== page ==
4 Ways that Mobile Manufacturing Software Helps IT and Operations

  • December 05, 2014
  • Feature

By Greg Goodwin, LNS Research

Last month, we wrote about the current and future benefits of cloud software technology on operations and IT as perceived by today’s manufacturers, based on the results of our 2013-2014 Manufacturing Metrics that Matter survey, conducted jointly with MESA International. Though there’s a multitude of ways, many big but some small, that manufacturers feel cloud will benefit them in the coming years, we narrowed it down to the four most immediate and relevant that manufacturers are experiencing and reporting about the cloud.

But cloud is just one of the bigger tech trends exciting the manufacturing world. Another that is causing waves and innovative ways of doing things today with Manufacturing Operations Management (MOM) software is mobile technology. Though still accelerating in use within the MOM space, virtually every MOM solution provider offers some form of mobile application, so it's at a higher level of adoption and maturity than cloud. As we’ve spoken about, awareness and adoption rates are rising among manufacturers as well.

So what are the current attitudes on mobile capabilities? In this post, we’ll explore below four ways mobile capabilities are helping manufacturers transform their operations and IT landscapes today, and how manufacturing professionals anticipate it furthering their success in the future.

1.)     Plant supervisors armed with all necessary job related information on the go

Asked about the biggest impacts of mobile technology, the top response was in enabling plant supervisors to leverage all information to do their jobs on mobile devices, at 54% of responses. Manufacturers are seeing a future where plant walls and fences are irrelevant in knowing and executing on the current operational reality. This concept has broad implications for manufacturers at large in increasing efficiency, operational flexibility, acquiring and leveraging the right talent, and others.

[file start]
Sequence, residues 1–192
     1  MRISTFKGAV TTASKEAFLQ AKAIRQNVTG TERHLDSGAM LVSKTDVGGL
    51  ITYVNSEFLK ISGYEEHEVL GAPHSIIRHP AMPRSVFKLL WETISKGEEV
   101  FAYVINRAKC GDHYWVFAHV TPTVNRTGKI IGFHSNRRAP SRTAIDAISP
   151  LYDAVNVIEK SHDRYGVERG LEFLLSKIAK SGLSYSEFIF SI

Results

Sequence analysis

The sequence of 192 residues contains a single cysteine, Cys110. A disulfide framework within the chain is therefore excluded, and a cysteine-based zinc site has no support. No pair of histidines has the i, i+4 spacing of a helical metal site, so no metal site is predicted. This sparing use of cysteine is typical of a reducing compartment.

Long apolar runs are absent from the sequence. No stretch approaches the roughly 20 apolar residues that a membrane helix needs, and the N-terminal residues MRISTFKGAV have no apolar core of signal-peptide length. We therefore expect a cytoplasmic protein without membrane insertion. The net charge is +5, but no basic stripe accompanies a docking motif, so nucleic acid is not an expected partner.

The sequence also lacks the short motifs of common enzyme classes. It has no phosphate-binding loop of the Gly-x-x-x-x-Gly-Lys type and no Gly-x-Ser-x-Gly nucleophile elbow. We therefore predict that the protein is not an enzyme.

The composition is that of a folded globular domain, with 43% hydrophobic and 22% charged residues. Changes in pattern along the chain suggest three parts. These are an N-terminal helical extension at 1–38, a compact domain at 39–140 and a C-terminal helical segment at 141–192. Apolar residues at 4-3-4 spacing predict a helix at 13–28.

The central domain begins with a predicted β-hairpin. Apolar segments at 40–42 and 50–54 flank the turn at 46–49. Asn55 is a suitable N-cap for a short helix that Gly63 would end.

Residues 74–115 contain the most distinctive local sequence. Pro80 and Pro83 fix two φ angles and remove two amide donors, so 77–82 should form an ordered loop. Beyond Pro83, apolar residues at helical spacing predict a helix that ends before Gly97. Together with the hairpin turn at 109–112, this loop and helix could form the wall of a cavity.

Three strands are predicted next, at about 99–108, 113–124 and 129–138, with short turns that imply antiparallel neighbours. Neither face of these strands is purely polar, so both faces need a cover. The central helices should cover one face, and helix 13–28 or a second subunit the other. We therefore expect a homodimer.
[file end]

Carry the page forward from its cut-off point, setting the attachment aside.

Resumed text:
2.)     Plant managers have real-time performance information on mobile devices

Very closely related ot the above but focusing on another, more granular dimension of information and different role, 53% of respondents believe plant managers would have real-time information at their disposal in the palms of their hands. Potentially having a constantly relevant and up-to-date pocket dashboard may greatly change the pace of response to operational improvement initiatives - as plant managers wouldn’t have to wait a shift, day, or week to receive relevant information on the status of operations, nor would they be required to be in a specific location to receive information read-outs, further amplifying the definition of “real-time.”

The next two most selected answers for this survey question involved similar answers—identifying specific roles and their potential change in operational capacity—maintenance personnel having all relevant information on mobile devices, and executive management having real-time information on mobile devices. These options garnered a 47% and 44% response rate, respectively.

3.)     The creation of a completely paperless environment

Manufacturers believe that mobile technologies will be one of the key enablers of making the final push from vastly reduced shop-floor paper to a one devoid of physical print-outs. While this may be a ways off, it is undoubted that mobile will certainly play an important role, as constantly updated mobile read outs and integrated workflow inputs are made capable from devices that are in each person’s pocket, this will be a main impetus to making all paper redundant. This response drew a 35% response from survey takers.

4.)     Greater collaboration with both suppliers and customers

An equal number of respondents—22%—believe that mobile technologies will be used as a collaboration tool with both customer and supplier networks. This would likely be through interactive portals accessible through hand-held mobile devices.

When compared to cloud capabilities, we see mobile as being more mature in development and usage so far in the marketplace. Correspondingly, manufacturer attitudes toward the benefits of advantages of mobile are better formed to date. As time moves forward we will see further advancements in both and integration between the two (e.g. mobile deliver of cloud based applications), along with other trends such as big data and the Internet of Things.

For more information about each of these technology trends, manufacturers’ attitudes, and the intersection of today’s most relevant manufacturing and business KPIs, be sure to view the 2013-2014 Manufacturing Metrics that Matter research, conducted between LNS Research and MESA International.

About the Author

Greg Goodwin is a research associate with LNS Research based in Cambridge, Massachusetts. Goodwin writes research papers, case studies, and contributes regularly to the LNS Research blog, where he covers topics including manufacturing operations management, industrial automation, sustainability, enterprise quality management software, and asset performance management.

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